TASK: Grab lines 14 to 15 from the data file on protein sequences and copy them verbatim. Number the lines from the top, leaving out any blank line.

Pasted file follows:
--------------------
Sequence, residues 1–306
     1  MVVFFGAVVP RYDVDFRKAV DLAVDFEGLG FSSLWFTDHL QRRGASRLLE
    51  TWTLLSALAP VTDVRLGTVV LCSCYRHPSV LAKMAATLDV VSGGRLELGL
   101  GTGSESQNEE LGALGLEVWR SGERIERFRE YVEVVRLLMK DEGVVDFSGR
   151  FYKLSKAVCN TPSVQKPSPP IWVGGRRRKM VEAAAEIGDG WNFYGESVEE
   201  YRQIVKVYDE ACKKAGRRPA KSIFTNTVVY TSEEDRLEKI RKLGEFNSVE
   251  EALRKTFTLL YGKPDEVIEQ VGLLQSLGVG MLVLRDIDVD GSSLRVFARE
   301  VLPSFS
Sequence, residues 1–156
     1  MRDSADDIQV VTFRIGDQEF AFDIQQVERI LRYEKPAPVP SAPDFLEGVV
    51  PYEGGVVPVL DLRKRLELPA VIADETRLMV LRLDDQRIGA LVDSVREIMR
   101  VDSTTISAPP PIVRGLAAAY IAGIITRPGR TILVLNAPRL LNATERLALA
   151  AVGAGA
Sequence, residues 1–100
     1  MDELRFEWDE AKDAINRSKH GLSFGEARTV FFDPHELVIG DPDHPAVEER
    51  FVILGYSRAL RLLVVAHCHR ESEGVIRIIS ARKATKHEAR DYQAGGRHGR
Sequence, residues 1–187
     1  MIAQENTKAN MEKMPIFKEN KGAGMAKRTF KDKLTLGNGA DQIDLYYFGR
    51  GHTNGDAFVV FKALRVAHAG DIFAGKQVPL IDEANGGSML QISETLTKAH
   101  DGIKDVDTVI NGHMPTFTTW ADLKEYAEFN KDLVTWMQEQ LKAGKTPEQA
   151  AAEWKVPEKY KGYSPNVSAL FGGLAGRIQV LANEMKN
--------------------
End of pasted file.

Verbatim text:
Sequence, residues 1–100
     1  MDELRFEWDE AKDAINRSKH GLSFGEARTV FFDPHELVIG DPDHPAVEER